Legislators put a squeeze on the lifeline of Wisconsin family farmers with groundwater change
A commentary by Tom Quinn, executive director of Wisconsin Farmers Union and Kerry Schumann, executive director of Wisconsin League of Conservation Voters.
The Joint Finance Committee slipped a hastily-crafted provision on groundwater into the budget that was intended to help farmers, but could end up doing the exact opposite.
With no public hearing, the Joint Finance Committee passed an amendment that would limit citizens' ability to prevent neighboring water users from drawing down water supplies from nearby rivers, lakes, and streams.
The provision was designed to benefit one farm in particular: the proposed 4,500-cow Richfield Dairy in Adams County, whose neighbors have taken legal action to ensure that the dairy's multiple high-capacity wells do not deplete other local wells and water resources.
Unlike most laws, which only operate looking forward, this budget provision would actually go back in time and throw out the citizens' pending case against the dairy.
Maybe in this instance it would be a victory for the farm. But farms are just as likely to find themselves on the other side of the coin when it comes to disputes about water.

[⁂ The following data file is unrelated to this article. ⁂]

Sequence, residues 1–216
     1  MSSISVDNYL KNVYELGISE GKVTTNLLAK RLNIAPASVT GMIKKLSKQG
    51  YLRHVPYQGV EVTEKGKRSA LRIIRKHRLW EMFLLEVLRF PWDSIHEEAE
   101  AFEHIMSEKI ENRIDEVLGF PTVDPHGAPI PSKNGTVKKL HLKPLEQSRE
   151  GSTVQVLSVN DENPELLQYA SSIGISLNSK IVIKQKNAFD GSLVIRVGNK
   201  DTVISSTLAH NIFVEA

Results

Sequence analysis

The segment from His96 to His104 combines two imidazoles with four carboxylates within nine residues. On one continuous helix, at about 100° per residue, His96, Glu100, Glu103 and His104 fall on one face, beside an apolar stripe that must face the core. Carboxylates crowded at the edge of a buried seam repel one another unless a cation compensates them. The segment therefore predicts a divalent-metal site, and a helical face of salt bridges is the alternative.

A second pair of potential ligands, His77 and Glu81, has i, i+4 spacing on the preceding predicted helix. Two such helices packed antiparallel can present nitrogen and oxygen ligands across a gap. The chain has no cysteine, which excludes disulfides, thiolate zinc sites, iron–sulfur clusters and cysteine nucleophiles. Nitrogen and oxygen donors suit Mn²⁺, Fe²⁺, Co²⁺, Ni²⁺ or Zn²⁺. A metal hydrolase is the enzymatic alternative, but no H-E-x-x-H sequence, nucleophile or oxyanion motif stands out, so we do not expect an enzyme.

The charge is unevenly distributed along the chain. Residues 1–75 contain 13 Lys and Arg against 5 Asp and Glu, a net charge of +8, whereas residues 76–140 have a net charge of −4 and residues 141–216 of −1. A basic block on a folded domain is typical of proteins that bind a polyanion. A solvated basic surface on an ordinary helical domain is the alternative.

Take, for example, the case of the Dale and Ardis Jorgenson dairy farm in Sparta, whose well went bone dry - and whose cows went thirsty - when a sand mine started operating a high-capacity well on the neighboring property.
In an instance like that, a farm might well want to ask the DNR to step in and protect the farm's water resources. This budget provision would foreclose that possibility.
Clearly, as the incidents in Richfield and Sparta demonstrate, farmers can easily find themselves on either side of the access to groundwater issue.
To introduce legislation like this that pits farmers against their neighbors, and pits one farmer against another, is counterproductive. We need to have a conversation about our groundwater resources in this state, and we should do it the right way.
Legislators had already begun work on a groundwater bill when this measure got rushed into the budget, without a public hearing, testimony from groundwater experts, or even input from other legislators.
We ask our neighbors to join us in urging state legislators to take this ill-advised provision out of the budget, and sit down at the table together - maybe over a nice tall glass of water - and come up with a better solution for protecting access to water resources for all.